"Don't go in the men's room. It isn't funny. If you are making zero effort to pass as a guy, then it is really unfair to men whose space and boundaries you are invading."
Let's use an example.
“Despite how tall she is, she's “passing” really well! No one even knows what she is biologically.”
That's nice! This person is male but passing as female and no one suspects a thing!
Wait, that's not what the person speaking meant to say. No, no, they didn't mean to imply that this person is tricking anyone else into believing something that isn't true. That's not what they meant!
This is where we get into tricky territory.
In the usage above, "passing" implies that the person is tricking others, that they aren't really what they identify as. They're going under the gender radar, so to speak, and managing to not make everyone aware of their biological gender. That even though they may have different parts from the gender they identify as, they're able to keep that under wraps and make others think otherwise. They're able to use makeup, surgery, and other changes to their voice, body, and clothing to fool others.
Maybe it's not the intent of the speaker to be saying these things. It's not saying the speaker is bad. They meant it as a compliment! But it's like when someone says, "You actually look pretty today," or, "You lost a bit of weight, didn't you?" It's a bit of a back handed compliment.
While some trans* people, both men and women, find “passing” an acceptable term, there is still heavy debate within the trans* community. For those who do “pass,” it can bring a sense of elation when others do not misgender you. The term is less pleasing for those who do not, maybe will not, or cannot, "pass." It can be a slap in the face as to what their gender is and what others will ever identify them as when they are told they do not "pass" well enough.
As a trans* man, I know that feeling.
When you say passing to a trans* person, it's all well and good when they pass well as the gender they are.
But I'm not alone in having friends and family alike come up to me and tell me how to better be a man by using ace bandages, which are super harmful, or dressing more manly. I'm just not “passing” well enough and seemingly making no effort to look like a man. I'm too feminine, I have too large of breasts, and my stride is too feminine. I just don't look the part, no matter how I act it, because it's just acting. Some of these people don't and won't see me as male, but as a female pretending to be male who just isn't acting well enough and doesn't have the right body to fit the costume.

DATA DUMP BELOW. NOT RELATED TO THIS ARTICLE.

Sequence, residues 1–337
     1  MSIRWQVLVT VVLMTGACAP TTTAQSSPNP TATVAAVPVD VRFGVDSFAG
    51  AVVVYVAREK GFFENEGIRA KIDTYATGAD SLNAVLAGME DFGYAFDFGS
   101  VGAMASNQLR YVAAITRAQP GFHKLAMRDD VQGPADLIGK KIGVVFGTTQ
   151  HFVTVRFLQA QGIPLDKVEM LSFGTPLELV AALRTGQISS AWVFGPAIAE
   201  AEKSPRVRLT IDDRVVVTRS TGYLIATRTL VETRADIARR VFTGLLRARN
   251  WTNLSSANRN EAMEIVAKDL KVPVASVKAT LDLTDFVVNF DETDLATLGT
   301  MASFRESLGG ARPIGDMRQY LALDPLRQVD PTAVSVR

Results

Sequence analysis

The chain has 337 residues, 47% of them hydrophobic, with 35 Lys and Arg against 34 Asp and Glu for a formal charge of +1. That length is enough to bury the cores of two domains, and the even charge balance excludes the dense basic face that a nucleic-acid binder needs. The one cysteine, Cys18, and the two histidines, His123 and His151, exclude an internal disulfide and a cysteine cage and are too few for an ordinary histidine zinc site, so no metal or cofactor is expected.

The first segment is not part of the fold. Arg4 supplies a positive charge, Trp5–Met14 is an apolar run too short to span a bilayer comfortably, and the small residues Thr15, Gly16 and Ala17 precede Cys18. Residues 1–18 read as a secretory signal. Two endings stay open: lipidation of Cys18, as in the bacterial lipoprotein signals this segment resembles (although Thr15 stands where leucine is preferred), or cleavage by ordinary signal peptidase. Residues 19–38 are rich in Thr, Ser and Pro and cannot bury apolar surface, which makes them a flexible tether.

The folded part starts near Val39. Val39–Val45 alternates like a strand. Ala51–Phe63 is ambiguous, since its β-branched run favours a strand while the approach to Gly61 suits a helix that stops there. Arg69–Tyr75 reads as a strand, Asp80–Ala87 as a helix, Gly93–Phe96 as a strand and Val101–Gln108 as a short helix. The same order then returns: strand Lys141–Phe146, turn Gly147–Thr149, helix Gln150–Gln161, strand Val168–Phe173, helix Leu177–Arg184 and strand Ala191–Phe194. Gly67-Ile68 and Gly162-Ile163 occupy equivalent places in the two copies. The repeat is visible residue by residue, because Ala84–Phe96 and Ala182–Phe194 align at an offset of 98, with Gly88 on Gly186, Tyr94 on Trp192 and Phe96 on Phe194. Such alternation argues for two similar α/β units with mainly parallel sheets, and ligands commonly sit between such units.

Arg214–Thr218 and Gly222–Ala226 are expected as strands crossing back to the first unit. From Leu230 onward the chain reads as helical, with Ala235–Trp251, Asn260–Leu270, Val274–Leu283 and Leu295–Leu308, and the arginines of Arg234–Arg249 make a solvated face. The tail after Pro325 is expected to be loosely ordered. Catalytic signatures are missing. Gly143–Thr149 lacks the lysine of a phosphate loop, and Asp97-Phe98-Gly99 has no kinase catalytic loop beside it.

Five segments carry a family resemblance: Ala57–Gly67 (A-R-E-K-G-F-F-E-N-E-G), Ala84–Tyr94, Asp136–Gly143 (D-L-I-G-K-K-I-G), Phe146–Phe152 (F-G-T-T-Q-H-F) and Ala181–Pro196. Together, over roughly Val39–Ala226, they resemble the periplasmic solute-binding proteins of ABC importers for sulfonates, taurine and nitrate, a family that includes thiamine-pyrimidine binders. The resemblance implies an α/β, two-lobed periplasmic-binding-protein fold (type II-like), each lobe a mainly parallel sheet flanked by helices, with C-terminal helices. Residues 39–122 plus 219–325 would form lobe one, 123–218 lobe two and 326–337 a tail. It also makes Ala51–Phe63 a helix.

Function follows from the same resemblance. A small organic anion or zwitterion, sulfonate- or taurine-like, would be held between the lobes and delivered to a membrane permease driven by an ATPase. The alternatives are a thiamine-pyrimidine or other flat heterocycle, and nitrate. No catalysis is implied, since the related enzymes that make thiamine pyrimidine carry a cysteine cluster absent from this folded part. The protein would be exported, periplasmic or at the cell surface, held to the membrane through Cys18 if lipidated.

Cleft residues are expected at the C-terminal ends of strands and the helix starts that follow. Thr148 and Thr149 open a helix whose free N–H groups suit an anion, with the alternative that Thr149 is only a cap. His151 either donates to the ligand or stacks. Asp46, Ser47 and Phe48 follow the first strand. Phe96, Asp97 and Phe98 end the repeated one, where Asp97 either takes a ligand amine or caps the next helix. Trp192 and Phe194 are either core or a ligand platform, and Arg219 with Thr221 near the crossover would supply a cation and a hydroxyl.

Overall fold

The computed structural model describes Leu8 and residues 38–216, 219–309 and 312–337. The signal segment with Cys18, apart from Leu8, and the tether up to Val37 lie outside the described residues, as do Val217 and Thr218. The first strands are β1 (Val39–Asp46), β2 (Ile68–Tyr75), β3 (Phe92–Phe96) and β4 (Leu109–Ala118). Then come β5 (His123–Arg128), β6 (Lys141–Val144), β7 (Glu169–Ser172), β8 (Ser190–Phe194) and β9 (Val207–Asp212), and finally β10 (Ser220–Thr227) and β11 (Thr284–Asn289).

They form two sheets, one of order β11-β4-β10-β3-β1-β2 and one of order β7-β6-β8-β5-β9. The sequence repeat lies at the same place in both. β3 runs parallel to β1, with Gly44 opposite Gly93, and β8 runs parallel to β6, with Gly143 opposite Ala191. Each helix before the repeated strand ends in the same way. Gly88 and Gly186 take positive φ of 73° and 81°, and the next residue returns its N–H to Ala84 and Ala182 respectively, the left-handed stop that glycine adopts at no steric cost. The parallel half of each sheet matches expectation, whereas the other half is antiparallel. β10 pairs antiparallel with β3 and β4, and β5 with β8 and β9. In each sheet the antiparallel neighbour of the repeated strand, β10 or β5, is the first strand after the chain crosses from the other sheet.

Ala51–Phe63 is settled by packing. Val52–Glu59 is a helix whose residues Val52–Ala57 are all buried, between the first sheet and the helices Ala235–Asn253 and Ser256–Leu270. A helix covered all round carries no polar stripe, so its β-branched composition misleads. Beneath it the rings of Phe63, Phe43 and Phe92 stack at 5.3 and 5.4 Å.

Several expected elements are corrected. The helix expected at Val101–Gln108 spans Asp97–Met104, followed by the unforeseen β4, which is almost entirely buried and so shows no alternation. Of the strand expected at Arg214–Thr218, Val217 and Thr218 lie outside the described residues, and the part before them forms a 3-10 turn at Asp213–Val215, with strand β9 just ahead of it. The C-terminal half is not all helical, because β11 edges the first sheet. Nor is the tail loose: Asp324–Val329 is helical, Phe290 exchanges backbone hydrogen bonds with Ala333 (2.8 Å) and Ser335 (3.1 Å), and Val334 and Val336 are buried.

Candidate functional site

I am not the only trans* person who experiences this. Looking on trans* support sites and in communities dedicated to those who are not gender normative (and who decides what is normal?) you can see numerous articles and threads devoted to understanding that not passing does not make you less of the gender you are, and that passing doesn't make you somehow better than other trans* people.
I don't mind when people use the phrase "pass." It doesn't bother me.
It's when “passing” becomes the test I have to pass before I am given the permission to use the right bathroom in a public place that I get testy, so to speak.
If friends and family alike will tell me that unless I “pass” better, I would be just horrible in using the men's restroom when I look so feminine, then what would strangers say? If a close friend would feel it acceptable to use shame on how I look as a way to keep me from using the bathroom appropriate to my gender identity, then what would strangers do?
Ultimately, "passing" is another phrase that puts up a wall of Other around trans* people. You can't just call me a man, you have to say “trans*” man. And that's the thing. "Passing" by itself can bring a wonderful sense of elation to those who feel they are actively able to "pass," that is, not be misgendered in public or with friends and family.
But when you can't "pass," it feels like you're less than. You're not even a trans* man, and you'll certainly never be a boy like Pinocchio was at the end. There is no fairy wand you can tap on your body to make you grow taller and lose your breasts and hips, unless you spend thousands of dollars on surgeries that you shouldn't have to have. When everyone is focusing so much on how other trans* people are passing, and therefore maybe really finally do get to be the real gender (hooray!) those like me and others who can't afford surgery, or don't have safe ways to get to doctors and get hormones are left feeling quite wooden.
I don't mind the word "passing." I just don't like how it comes with an opposite. It comes with a "not passing" and a not desirable tag attached with "not passing."